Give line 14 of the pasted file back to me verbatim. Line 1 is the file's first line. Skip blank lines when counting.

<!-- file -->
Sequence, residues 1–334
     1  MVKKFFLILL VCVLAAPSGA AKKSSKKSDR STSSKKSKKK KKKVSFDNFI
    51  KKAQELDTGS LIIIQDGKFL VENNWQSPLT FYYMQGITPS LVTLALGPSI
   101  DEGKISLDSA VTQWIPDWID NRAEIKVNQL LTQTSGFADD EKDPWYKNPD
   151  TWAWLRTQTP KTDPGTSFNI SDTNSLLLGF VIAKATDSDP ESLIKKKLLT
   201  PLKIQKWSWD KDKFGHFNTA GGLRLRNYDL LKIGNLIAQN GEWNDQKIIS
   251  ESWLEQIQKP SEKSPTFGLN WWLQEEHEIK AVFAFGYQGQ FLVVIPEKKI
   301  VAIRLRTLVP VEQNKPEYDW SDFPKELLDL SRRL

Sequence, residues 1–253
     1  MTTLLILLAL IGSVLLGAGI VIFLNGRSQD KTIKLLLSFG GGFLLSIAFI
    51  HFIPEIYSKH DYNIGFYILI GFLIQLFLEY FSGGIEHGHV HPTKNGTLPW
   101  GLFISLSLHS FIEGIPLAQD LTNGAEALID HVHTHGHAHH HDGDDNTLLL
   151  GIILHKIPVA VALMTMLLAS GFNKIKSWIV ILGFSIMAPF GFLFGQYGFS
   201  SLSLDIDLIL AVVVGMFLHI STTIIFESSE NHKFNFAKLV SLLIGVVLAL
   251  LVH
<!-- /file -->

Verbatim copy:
   201  SLSLDIDLIL AVVVGMFLHI STTIIFESSE NHKFNFAKLV SLLIGVVLAL